Biomacromolecules, Vol.22, No.10, 4295-4305, 2021
Effect of cell culture media on photopolymerizations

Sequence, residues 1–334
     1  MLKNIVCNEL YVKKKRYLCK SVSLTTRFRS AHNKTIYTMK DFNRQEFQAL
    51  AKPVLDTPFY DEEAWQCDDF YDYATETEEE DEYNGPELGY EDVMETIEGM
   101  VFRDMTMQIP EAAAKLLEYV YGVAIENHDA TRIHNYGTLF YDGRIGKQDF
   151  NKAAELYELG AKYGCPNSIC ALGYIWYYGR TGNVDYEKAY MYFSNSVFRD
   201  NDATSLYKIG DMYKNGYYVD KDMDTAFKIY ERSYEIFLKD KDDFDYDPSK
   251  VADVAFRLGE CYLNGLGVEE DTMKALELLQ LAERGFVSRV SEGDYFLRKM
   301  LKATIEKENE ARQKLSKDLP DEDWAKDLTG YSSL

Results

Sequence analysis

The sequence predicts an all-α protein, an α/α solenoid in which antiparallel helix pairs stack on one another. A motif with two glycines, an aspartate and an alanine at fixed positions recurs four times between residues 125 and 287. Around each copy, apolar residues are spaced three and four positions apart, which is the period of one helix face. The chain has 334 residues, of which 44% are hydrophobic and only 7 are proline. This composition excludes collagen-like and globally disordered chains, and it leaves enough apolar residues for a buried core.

Radical polymerization is one of the most widely used methods for the synthesis of polymeric materials for biomedical applications, such as drug delivery, 3D cell culture, and regenerative medicine. Among radical polymerization reactions, thiol-ene click chemistry has shown excellent orthogonality in diverse reaction conditions. However, our preliminary investigations revealed that it fails in cell culture environment. Herein, we investigate the mechanisms by which cell culture media interfere with radical photoreactions. Three different models including free radical linear photopolymerization (N,N-dimethylacrylamide photopolymerization), free radical photohydrogelation (poly(ethylene glycol) diacrylate photohydrogelation), and thiolene photohydrogelation (4-arm poly(ethylene glycol)-norbornene thiolene photohydrogelation) were investigated. We showed that common cell culture media ingredients can interfere with radical polymerization by two different pathways; namely, radical chain transfer and radical scavenging effects. Thiol-ene photoclick hydrogelation was seriously affected by cell culture media especially under the alkaline conditions of many of them, due to the impact of deprotonation of the thiol reactant. We intend these findings to serve as a reference guide to researchers employing free radical-based molecular synthesis in cell culture settings. The nonbenign impact of media components, pH, and concentration should provide a cue for future studies that aim to prepare well-defined polymeric materials in the presence of cell culture media.